Whole Wheat Dinner Rolls

Somewhere along the way, our family’s whole wheat dinner rolls became known as my dad’s specialty. Especially when the holidays ‘rolled’ around (heh), he was usually counted on to contribute the perfectly portioned bites of soft, slightly nutty, whole wheat heaven to our family feasts.

In years past, I’m pretty sure Pops tried using only whole wheat flour in the rolls, because, “healthy.” But through experience he learned that 100% whole wheat resulted in a rather dense product. The term ‘hockey puck’ comes to mind. But as the recipe evolved, so did the enjoyment. His magic ratio is pretty close to equal parts bread flour (or all purpose flour), to whole wheat flour.

But in the years between my childhood and now, I’ve realized that my favorite element of this recipe is actually the molasses. It adds a lovely depth to the sweetness to the bread. I find molasses to be a under utilized ingredient, and I get pretty excited when I see it listed in recipes. Although, now that I’m analyzing my love of the black liquid gold, perhaps some of my enthusiasm can be attributed to a scene from either a book or a cartoon I saw once upon a time. I don’t remember it clearly, yet it consistently pops into my head whenever I’m digging in my cupboard for molasses.

INT: Kitchen. Dimly lit, but almost tangibly cozy.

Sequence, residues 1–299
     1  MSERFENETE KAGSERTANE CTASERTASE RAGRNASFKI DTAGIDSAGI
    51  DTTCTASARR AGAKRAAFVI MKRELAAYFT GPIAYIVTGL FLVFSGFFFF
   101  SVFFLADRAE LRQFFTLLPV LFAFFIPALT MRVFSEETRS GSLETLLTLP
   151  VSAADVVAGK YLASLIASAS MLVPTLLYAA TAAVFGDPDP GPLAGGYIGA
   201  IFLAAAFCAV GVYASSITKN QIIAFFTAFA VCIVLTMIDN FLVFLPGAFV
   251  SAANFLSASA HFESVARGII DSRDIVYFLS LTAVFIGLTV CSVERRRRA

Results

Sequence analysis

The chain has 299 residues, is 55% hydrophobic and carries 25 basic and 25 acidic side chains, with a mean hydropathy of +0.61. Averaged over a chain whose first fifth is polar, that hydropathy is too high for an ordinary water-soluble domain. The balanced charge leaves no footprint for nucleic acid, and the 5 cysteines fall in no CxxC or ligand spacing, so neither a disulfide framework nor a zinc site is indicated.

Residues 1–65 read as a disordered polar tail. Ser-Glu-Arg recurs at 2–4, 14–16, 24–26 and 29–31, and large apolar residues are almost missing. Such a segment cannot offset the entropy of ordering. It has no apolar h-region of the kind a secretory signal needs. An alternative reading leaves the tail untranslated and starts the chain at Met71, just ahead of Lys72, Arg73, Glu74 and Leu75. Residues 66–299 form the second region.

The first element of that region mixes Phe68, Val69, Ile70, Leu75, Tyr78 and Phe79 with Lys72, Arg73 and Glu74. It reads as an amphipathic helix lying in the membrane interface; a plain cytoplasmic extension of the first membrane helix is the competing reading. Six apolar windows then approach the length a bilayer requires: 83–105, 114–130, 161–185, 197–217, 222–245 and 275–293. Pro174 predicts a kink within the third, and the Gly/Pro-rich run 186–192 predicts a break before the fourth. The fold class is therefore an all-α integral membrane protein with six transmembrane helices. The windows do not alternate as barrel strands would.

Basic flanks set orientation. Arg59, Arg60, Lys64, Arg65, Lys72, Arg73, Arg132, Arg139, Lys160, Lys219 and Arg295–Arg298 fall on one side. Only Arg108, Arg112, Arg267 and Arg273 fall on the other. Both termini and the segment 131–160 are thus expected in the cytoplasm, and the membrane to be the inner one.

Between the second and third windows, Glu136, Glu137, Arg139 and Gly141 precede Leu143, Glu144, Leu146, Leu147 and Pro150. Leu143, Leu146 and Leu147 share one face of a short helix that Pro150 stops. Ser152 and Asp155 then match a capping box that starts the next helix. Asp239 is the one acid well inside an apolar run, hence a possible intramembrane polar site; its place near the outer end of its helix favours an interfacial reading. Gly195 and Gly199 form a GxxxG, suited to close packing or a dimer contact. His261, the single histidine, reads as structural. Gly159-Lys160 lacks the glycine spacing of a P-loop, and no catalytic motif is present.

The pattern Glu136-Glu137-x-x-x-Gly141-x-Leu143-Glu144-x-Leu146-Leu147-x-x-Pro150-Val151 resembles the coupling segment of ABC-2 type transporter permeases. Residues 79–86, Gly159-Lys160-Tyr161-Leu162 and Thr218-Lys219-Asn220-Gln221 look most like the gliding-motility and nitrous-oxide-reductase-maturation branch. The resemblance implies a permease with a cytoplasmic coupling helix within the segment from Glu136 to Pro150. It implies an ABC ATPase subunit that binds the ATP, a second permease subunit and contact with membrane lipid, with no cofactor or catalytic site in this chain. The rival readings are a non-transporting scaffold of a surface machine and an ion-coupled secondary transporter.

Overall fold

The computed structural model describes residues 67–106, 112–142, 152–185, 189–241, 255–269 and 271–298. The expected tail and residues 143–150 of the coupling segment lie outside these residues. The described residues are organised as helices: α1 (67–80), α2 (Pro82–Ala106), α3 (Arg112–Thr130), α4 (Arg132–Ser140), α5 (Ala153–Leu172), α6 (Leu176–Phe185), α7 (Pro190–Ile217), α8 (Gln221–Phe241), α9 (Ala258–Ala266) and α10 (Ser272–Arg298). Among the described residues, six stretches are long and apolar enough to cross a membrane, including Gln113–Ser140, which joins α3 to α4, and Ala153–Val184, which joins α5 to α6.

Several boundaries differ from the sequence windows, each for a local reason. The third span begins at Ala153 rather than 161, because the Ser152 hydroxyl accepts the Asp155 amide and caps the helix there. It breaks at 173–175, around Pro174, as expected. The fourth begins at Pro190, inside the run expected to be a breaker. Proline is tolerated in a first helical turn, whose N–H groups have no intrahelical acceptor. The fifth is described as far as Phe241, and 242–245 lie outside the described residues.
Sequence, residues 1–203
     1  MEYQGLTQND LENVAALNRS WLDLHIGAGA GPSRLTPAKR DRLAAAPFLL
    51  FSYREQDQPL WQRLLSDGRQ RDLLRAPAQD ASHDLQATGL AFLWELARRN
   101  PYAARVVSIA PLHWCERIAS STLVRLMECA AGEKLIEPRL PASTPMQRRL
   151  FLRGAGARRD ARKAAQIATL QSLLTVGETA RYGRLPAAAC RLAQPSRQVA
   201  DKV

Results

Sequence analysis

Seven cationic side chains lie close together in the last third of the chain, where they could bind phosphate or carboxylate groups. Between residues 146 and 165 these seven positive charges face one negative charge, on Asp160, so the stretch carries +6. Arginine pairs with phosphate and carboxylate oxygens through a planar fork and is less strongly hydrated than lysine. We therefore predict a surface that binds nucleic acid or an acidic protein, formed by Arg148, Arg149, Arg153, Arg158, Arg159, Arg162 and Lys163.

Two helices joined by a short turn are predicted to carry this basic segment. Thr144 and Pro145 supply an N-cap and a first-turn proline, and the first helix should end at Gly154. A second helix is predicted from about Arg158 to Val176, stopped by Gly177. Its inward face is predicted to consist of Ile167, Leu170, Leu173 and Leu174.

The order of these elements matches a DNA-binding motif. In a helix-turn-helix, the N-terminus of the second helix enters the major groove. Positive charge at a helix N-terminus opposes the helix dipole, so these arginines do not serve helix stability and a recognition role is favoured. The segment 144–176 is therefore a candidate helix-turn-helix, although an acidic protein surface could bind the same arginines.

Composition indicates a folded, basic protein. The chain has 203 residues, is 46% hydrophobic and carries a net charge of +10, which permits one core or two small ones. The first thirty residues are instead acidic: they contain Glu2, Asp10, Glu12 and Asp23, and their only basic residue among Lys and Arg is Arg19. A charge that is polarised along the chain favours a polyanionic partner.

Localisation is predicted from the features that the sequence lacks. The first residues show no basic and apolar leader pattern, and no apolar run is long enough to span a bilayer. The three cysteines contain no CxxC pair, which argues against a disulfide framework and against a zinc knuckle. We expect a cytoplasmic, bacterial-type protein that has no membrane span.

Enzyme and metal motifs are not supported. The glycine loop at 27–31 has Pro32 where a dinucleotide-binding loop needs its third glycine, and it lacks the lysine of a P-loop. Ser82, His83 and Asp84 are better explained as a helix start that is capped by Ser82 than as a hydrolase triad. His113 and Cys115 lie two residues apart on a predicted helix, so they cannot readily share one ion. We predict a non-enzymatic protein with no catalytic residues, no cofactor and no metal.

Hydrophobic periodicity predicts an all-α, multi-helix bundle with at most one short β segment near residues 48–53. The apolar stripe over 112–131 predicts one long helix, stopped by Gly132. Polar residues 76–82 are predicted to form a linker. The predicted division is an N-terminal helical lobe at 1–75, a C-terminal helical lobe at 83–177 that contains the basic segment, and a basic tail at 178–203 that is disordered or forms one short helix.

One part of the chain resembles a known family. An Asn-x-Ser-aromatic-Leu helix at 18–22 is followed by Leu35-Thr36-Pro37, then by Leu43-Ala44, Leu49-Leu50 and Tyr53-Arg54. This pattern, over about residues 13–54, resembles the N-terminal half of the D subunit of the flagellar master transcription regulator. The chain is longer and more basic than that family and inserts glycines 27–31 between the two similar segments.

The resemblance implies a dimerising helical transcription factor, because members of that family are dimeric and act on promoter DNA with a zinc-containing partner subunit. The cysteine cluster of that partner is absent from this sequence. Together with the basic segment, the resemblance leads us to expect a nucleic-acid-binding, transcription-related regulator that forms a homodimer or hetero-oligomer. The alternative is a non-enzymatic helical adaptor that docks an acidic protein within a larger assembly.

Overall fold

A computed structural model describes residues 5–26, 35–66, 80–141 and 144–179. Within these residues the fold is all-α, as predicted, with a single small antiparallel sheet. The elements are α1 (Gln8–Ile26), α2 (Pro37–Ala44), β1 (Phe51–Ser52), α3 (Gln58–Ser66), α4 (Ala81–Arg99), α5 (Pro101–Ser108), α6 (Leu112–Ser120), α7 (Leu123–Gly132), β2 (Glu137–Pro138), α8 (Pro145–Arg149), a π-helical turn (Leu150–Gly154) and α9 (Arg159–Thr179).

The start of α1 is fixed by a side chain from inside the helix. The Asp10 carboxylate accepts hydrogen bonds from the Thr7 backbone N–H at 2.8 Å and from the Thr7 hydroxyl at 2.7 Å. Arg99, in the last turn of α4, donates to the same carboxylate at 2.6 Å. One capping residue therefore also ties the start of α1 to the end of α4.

A family (possibly bears?) sits around a table with a massive stack of pancakes in the center, hot and ready to be consumed.

Wanting to get the pancake party started, the youngest family member clears his throat.

“Please pass the molasses.”

But the dad gives the youngin’ a side eye, somewhat annoyed, and replies,

“No, sir. You certainly can’t have mo’ lasses until you’ve had SOME lasses.”

Everyone else:


End scene.

::::insert smirky chuckle here::::

What other sugar product has a dad joke literally built into its name? None that I can think of, although I bet when put to the task my brothers will both come up with several others, but that’s beside the point. And the point is dinner rolls! So let’s talk about what other ingredient is key when making these rounded puffs of delight.


Why, why, why are there so many kinds of yeast? I can feel the decision fatigue trying to sneak in, but let’s fight it off with the super-est super hero I know. That’s right, it’s Captain INFORMATION!

A way cooler superhero than Captain Obvious, Captain Information always says, “First and foremost we formulate a foundation.”

At this point Captain Obvious would interject that I’m making this all up, but again, he’s not the coolest superhero so who the heck cares?


Instant Yeast

Bread Machine Yeast

Active Dry Yeast

RapidRise Yeast

Fresh Yeast

Ihopeimnotmissinganyothers Yeast

Right off the bat, we can knock two of these into one because Instant Yeast and Bread Machine Yeast Are. The. Same. WOOT!